Divorce is agonizing when kids are involved, but parents can help them cope. Parents must remember that the child needs the parent now more than ever. Reassurance, hope, and stability - all can help ease the effects of divorce on children of all ages.
Parents should shield children from “adult concerns,” such as worries about money.
“Bad mouthing” a former spouse also exposes children to conflicts and frustration.
A custodial parent should never pry or quiz a child about the other parent or a child’s visits to the other parent.
Major changes in a child’s life can be very dislocating; family routines and community bonds should be maintained, if possible.
A parent who feels guilty about the divorce should not shower his or her children with gifts. Children appreciate firmness and consistency more than presents.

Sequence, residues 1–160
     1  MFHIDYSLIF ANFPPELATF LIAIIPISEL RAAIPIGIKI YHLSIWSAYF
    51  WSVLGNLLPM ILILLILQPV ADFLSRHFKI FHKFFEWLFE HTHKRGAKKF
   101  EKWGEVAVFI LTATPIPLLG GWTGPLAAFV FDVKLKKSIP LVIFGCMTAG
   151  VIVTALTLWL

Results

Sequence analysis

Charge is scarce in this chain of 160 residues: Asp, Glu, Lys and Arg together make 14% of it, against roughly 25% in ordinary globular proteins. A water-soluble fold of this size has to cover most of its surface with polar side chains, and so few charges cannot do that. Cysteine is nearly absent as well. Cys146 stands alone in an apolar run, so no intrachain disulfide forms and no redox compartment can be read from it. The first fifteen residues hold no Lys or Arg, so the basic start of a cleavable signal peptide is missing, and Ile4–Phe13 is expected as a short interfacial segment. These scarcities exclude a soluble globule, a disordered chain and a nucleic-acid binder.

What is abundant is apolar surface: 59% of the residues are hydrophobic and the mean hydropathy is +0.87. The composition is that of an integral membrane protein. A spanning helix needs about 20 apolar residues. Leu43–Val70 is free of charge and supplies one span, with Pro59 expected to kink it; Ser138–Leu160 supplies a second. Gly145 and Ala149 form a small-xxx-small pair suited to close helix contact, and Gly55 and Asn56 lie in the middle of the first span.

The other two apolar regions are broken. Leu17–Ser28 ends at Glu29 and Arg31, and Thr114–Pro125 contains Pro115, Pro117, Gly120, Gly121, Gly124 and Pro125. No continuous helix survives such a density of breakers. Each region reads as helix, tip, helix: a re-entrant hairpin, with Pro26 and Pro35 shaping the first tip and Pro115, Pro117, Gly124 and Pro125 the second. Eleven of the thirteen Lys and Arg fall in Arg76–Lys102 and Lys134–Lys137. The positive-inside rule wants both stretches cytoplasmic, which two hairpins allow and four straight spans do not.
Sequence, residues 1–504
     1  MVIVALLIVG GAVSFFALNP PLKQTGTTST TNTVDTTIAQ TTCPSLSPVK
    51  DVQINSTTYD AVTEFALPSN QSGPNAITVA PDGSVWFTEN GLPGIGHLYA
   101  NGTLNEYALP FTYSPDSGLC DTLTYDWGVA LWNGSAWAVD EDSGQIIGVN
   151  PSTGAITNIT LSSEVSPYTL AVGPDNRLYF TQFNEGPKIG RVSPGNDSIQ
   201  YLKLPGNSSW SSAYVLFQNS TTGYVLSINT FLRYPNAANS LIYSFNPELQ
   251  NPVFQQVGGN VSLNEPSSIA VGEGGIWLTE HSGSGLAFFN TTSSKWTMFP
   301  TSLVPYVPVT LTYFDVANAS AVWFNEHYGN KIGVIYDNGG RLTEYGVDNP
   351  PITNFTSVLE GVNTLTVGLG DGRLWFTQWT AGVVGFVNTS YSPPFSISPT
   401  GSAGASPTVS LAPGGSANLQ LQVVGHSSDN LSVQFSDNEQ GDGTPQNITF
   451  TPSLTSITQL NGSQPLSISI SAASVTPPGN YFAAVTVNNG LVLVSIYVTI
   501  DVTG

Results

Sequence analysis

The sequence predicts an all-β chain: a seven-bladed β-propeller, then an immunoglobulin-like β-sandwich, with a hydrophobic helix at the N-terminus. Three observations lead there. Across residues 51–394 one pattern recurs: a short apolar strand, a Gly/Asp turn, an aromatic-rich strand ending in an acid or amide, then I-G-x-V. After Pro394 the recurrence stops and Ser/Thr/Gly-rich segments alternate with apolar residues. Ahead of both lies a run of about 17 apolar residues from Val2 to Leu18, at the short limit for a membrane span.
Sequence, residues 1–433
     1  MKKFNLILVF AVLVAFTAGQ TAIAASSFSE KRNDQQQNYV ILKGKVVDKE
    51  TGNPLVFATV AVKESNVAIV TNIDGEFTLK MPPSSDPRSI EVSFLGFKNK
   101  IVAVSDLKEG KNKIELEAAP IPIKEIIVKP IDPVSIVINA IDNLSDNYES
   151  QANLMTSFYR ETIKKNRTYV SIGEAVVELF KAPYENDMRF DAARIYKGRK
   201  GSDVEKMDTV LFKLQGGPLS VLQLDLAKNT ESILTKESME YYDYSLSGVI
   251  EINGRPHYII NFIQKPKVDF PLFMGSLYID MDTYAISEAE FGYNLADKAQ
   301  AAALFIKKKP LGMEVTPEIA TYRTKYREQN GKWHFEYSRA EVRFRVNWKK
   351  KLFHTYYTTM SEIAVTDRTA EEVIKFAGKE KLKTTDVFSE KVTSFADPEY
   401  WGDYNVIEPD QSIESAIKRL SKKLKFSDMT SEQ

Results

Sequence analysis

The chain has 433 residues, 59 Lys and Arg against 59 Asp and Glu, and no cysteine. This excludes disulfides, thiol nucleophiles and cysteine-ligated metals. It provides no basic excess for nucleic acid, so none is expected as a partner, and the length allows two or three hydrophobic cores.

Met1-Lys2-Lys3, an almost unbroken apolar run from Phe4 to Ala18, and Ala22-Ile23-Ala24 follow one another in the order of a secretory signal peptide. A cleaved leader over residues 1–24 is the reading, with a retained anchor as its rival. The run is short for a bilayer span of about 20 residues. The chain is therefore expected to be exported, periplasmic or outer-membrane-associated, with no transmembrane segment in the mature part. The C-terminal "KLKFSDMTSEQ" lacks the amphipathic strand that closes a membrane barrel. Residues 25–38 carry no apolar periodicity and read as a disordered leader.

The custodial parent should encourage kids to call the other parent when there is school news or just to chat.
A family therapist or professional mediator can help when the spouses cannot talk without anger. Likewise, a child having trouble coping with divorce may show regressive behavior, such as excessive clinginess or bedwetting, or he or she may be angry, aggressive, withdrawn, or depressed. Problems in school are also common.
Isolina Ricci, PhD, a family therapist and author of Mom’s House, Dad’s House, says that love makes the world go round for the child of divorce.
“When children are free to love both of their parents without conflict of loyalty, to have access to them both without fear of losing either, they can get on with the totally absorbing business of growing up, on schedule,” says Dr. Ricci.